The directional stabilizer 35 includes the housing 34, which has a plurality of cylinder bores 50, 51 therein, which, as specifically disclosed, may be four in number spaced 90 degrees apart. A piston 52 or 53 is disposed in each radial cylinder or 51 and bears against an outer race 54 of a radial ball bearing 55, such ball bearing including an inner race 56 snugly and slidably embracing the periphery of a tubular pilot drill bit shaft 57 extending upwardly into the anchor tube 27, with ball bearing elements 58 between the races 54, 56 so that the inner race 56 can rotate with the drill bit shaft 57 within the non-rotatable outer race. By appropriately directing fluid under pressure to the various cylinders 50, 51, the pistons 52, 53 can be shifted in their cylinders to shift the bearing structure in various directions crosswise of the deflector housing 34, and correspondingly shift or deflect the drill bit shaft 57 with respect to the axis of the housing 34, thereby determining the direction in which the pilot drill bit D, secured to the lower end of the shaft 57, will drill the pilot hole C.

The pilot drill bit shaft 57 extends upwardly through the anchor tube 27, its upper end 60 being piloted within the lower end 61 of the intake pipe P, such lower end being slidable within the lower head 12a of the support frame 13. Leakage of fluid between the pilot shaft and intake pipe is prevented by a seal ring 62 on the latter sealing against the periphery of the shaft portion 60. The upper end 60. of the pilot drill bit shaft 57 is rotatable within the intake pipe F, the shaft 57 being carried by a mounting plate 63 disposed below the lower head 12a through the agency of thrust bearings 64 engaging the upper and lower sides of the mounting plate, the lower bearing resting upon a shaft flange 65 and the upper bearing engaging a downwardly facing shoulder 66 of the shaft. The mounting plate 63 itself is aifixed to the connector plate 10 through the agency of a plurality of circumferentiallyspaced tie rods 67 secured to both the connector 'plate and the mounting plate 63, such that the mountingplate and connector plate move as a unit, and together with the intake and discharge pipes F, H. The discharge pipe H extends downwardly through the support frame 13 and slidably through its lower head 12a, which is also true of theintake pipe P which is slidable downwardly through the lower head 12a and along the interior of the anchor tube 27.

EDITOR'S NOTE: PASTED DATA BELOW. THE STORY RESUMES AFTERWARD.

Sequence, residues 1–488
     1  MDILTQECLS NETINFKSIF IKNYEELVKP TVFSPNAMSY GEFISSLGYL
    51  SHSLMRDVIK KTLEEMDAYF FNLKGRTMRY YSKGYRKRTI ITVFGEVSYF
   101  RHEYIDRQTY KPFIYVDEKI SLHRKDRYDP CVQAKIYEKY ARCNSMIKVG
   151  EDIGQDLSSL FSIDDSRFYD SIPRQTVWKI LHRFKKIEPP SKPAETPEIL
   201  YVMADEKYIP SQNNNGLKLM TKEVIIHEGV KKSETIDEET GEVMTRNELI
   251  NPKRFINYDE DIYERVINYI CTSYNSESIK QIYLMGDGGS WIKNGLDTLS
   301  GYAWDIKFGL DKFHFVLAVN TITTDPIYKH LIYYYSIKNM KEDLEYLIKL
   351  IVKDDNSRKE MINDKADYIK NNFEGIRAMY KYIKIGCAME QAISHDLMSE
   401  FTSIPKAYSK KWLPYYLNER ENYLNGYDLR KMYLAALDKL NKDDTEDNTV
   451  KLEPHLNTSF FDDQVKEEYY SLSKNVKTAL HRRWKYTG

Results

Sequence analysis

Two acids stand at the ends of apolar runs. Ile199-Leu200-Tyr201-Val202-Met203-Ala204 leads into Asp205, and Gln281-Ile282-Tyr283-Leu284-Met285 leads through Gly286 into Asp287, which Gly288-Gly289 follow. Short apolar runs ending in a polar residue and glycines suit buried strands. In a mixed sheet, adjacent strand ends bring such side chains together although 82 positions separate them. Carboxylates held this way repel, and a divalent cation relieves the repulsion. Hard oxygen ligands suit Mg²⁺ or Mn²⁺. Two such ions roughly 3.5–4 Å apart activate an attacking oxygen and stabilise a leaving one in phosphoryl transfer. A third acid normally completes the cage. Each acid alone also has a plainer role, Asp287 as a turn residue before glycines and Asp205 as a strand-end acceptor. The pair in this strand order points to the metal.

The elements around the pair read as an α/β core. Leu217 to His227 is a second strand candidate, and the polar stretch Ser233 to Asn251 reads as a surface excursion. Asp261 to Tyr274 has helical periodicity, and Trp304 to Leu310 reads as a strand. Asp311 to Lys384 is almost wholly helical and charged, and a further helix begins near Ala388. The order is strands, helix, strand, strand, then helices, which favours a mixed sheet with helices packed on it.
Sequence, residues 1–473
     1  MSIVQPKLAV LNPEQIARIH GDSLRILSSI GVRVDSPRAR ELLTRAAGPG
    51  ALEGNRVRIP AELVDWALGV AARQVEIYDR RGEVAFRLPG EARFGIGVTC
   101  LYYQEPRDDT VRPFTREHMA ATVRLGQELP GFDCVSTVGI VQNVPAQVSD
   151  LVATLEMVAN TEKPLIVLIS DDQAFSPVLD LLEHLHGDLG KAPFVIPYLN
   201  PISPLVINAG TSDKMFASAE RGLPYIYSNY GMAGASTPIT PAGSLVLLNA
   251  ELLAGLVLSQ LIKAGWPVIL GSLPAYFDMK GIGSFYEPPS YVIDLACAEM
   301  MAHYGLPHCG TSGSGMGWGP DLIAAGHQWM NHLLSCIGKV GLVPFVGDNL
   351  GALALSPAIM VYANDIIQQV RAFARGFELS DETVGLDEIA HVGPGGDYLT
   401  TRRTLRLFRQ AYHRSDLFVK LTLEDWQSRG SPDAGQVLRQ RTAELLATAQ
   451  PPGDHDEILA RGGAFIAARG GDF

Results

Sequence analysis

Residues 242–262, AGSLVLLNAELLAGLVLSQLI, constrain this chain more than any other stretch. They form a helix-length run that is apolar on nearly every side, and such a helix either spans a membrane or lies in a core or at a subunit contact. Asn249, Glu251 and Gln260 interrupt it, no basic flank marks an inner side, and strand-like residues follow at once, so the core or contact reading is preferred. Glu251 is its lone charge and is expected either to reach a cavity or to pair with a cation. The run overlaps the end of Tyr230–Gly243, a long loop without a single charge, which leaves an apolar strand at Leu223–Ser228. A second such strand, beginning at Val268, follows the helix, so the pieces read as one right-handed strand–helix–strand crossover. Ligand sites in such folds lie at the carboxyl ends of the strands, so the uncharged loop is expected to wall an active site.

A- hollow drive shaft '68 surrounds the anchor tube 27, its lower end being secured to a drive head 69 to which the mounting'frame 70 of the large cutter apparatus E is suitablysecured, as by means of screws 71, or the like, extending-through a headflange 72 and into the mounting frame. This mounting frame carries a suitable number of saddles or supports 73 on each of which roller cutter members 74'are mounted adapted to engage the bottom M of the enlarged boreB. These cutting elements 74 are so arranged and extend downwardly from the mounting frame 70 as to be assured that the cutters will operate collectively upon all regions of the bottom M of the enlarged well bore to reduce the formation to cuttings; V

A thrust member 76 surrounds the bottom portion of the rotatable shaft 68, its upper end wall 77 engaging a main cutter roller thrust bearing 78, the lower race 79 of-which bears against the drive head 69. This thrust member is secured to the air discharge pipe H, so. as to move therewith, and it has a skirt or manifold 80 sur rounding the head, this head having an annular chamber 81. communicating with thelower inlet end 82 of the air discharge pipe, the annular chamber being closed by the depending skirt 80 of the manifold which has seal rings 83 on opposite sides of the annular chamber to prevent leakage of fluid from thelatter. The annular chamber has a plurality of circumferentially spaced longitudinal exhaust tubes 84- extending downwardly through the cutter mountingframe 70 to a location adjacent to the bottom M of the hole, .and each of these exhaust tubes communicates at its upper, end with the annular chamber. Accordingly, circulating fluid will pick up cuttings from the bottom of the hole andcarry them upwardly through the exhaust tubes 84 into the annular chamber 81, which is always in communication with the air discharge pipe H as the drive head 69, its annular chamber 81 and the entire large cutter mechanism E rotate during the drilling operation.

Both the pilot bit shaft 57 and pilot bit D and the main cutter apparatus E are rotated by a power source disposed adjacent to the drilling region in the well bore. As discl0sed,.a pair of electric drive motors 86 are located below the lower head. 12a, the motion of each of these rotatable drive motors being transmitted through a planetary gear reducer 87 and a second reduction gearing 88 in a gear case 88ato a'pinion 89 which meshes with a gear 90 aflixed to the hollow drive shaft 68 that rotates the drive head 69 and the main cutter assembly E. There is a power take-01f from the reduction gearing 88 that effects rotation of a drive shaft 91 having a drive sprocket 92," the rotary motion and torque being transmitted from this drive sprocket through a chain 93 to a driven sprocket 94 secured to the upper portion of the pilot drill bit shaft 57. Thus, there is a simultaneous rotation of the main or large cutter assembly E and of the pilot bit D, although it is preferred that the pilot bit he rotated'at a faster speed than the large or main cutter structure to be assured that the main axial thrust, described hereinbelow, against the bits is taken by, the main cutter structure E, and not by the pilot bit D.